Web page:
There has been a growing controversy both about the effectiveness of anti-depressants -- that half the folks taking placebos do just as well – as well as concern about biological effects, such as increasing the risk of relapse, cause brain neuron deterioration, bone mineral loss, etc. A different spin in the controversy comes from an evolutionary psychology perspective, and leading the charge of this view are two researchers, Paul Andrews, a clinical psychologist, and Anderson Thomson, a psychiatrist. Their notion is that maybe there is something useful about depression after all.
What prompts their questioning is the prevalence of depression – 20-30% of the population compared to single digits for other mental illnesses – why is this so different? They make the analogy to fevers where the fever process is the body’s way of dealing with infection, and the use of drugs to kill the fever actually weakens the body’s homeostatic functioning. Maybe depression too has some beneficial effect after all. When they look at the biological impact of depression they discover some interesting ideas:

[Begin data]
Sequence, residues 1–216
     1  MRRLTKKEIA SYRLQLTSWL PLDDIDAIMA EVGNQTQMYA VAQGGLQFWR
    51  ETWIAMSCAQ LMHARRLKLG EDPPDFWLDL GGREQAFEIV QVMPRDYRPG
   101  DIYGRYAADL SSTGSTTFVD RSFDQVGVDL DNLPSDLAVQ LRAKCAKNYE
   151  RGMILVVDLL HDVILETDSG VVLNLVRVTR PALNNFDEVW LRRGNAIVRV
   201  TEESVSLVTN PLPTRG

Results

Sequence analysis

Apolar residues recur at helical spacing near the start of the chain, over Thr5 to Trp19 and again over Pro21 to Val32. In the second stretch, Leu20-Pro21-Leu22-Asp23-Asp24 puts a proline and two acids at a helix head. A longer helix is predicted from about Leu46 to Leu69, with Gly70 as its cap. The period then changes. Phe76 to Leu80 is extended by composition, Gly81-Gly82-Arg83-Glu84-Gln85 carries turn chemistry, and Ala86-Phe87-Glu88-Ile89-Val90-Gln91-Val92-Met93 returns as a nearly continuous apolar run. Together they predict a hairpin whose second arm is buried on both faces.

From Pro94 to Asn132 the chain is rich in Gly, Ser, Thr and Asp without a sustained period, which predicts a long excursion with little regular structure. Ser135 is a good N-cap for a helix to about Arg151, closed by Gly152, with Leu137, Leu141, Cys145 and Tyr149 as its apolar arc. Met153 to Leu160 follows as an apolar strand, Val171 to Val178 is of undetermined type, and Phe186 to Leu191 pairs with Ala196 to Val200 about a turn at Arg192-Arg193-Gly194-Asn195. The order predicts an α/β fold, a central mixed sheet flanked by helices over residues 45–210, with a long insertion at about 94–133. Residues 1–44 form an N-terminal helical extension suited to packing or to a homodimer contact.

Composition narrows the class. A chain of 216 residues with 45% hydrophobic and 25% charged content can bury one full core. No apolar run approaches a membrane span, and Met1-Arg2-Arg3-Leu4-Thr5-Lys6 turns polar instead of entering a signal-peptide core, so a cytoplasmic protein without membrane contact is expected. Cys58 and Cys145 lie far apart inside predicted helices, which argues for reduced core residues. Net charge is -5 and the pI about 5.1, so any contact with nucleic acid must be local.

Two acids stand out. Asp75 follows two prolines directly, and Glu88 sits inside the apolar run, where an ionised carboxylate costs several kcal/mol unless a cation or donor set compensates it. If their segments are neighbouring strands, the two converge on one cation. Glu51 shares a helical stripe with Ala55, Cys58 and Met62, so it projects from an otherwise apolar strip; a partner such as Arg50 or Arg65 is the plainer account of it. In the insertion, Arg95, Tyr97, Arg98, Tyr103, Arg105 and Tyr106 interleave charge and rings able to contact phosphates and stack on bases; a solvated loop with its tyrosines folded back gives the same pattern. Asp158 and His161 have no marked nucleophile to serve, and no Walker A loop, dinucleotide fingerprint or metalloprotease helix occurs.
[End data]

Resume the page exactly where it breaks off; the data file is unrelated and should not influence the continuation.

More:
The take-away for Andrews and Thompson is that they are reluctant to immediately try and kill symptoms with medication. While a small percentage of the population are struggling with a biologically rooted disorder, for a majority of us our depression is most often situational – there is something we need to pay attention and fix in our lives and relationships. So, they say, look at what there is to fix. Doing therapy to talk through your thoughts, or doing expressive writing that helps work with ruminations speeds up the recovery process. Rather than mentally or pharmaceutically running away from problems, slow down and give yourself the time to sort it out.
Food for thought. Give it a think.
Reference: Andrews, P. & Thompson, J.A. (2009). The bright side of being blue: Depression as an adaption for analyzing complex problems. Psychological Review, 116 (3), 620-654.